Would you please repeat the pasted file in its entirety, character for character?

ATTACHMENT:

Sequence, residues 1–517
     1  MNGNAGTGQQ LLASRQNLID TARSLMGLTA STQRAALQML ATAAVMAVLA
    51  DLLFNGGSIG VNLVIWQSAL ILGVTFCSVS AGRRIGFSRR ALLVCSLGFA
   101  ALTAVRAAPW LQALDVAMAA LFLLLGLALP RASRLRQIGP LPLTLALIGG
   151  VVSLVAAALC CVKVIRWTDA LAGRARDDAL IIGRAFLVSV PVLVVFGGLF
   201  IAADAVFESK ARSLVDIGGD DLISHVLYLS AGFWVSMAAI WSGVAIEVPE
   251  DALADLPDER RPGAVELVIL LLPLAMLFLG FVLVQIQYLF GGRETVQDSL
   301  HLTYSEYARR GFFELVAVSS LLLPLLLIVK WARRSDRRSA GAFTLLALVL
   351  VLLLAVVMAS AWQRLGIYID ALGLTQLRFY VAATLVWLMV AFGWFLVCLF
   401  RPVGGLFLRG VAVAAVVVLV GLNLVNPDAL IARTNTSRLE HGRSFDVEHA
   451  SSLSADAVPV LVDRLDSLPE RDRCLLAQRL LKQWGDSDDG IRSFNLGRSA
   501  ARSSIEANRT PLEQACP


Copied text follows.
Sequence, residues 1–517
     1  MNGNAGTGQQ LLASRQNLID TARSLMGLTA STQRAALQML ATAAVMAVLA
    51  DLLFNGGSIG VNLVIWQSAL ILGVTFCSVS AGRRIGFSRR ALLVCSLGFA
   101  ALTAVRAAPW LQALDVAMAA LFLLLGLALP RASRLRQIGP LPLTLALIGG
   151  VVSLVAAALC CVKVIRWTDA LAGRARDDAL IIGRAFLVSV PVLVVFGGLF
   201  IAADAVFESK ARSLVDIGGD DLISHVLYLS AGFWVSMAAI WSGVAIEVPE
   251  DALADLPDER RPGAVELVIL LLPLAMLFLG FVLVQIQYLF GGRETVQDSL
   301  HLTYSEYARR GFFELVAVSS LLLPLLLIVK WARRSDRRSA GAFTLLALVL
   351  VLLLAVVMAS AWQRLGIYID ALGLTQLRFY VAATLVWLMV AFGWFLVCLF
   401  RPVGGLFLRG VAVAAVVVLV GLNLVNPDAL IARTNTSRLE HGRSFDVEHA
   451  SSLSADAVPV LVDRLDSLPE RDRCLLAQRL LKQWGDSDDG IRSFNLGRSA
   501  ARSSIEANRT PLEQACP